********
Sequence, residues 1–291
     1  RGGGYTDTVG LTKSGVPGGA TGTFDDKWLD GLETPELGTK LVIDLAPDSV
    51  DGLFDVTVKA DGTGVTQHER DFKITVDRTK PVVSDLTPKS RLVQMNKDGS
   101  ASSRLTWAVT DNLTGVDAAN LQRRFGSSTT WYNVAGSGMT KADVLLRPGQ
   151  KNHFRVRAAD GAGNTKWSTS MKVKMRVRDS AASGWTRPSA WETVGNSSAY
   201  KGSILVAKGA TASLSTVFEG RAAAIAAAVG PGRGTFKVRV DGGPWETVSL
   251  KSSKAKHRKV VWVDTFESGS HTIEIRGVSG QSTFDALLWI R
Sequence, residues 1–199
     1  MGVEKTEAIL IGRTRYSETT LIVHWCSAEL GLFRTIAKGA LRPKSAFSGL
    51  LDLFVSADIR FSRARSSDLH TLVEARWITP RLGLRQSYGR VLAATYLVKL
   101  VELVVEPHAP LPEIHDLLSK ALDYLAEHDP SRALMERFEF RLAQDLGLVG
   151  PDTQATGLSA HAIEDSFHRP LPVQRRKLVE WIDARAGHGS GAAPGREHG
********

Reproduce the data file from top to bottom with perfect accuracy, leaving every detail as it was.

Sequence, residues 1–291
     1  RGGGYTDTVG LTKSGVPGGA TGTFDDKWLD GLETPELGTK LVIDLAPDSV
    51  DGLFDVTVKA DGTGVTQHER DFKITVDRTK PVVSDLTPKS RLVQMNKDGS
   101  ASSRLTWAVT DNLTGVDAAN LQRRFGSSTT WYNVAGSGMT KADVLLRPGQ
   151  KNHFRVRAAD GAGNTKWSTS MKVKMRVRDS AASGWTRPSA WETVGNSSAY
   201  KGSILVAKGA TASLSTVFEG RAAAIAAAVG PGRGTFKVRV DGGPWETVSL
   251  KSSKAKHRKV VWVDTFESGS HTIEIRGVSG QSTFDALLWI R
Sequence, residues 1–199
     1  MGVEKTEAIL IGRTRYSETT LIVHWCSAEL GLFRTIAKGA LRPKSAFSGL
    51  LDLFVSADIR FSRARSSDLH TLVEARWITP RLGLRQSYGR VLAATYLVKL
   101  VELVVEPHAP LPEIHDLLSK ALDYLAEHDP SRALMERFEF RLAQDLGLVG
   151  PDTQATGLSA HAIEDSFHRP LPVQRRKLVE WIDARAGHGS GAAPGREHG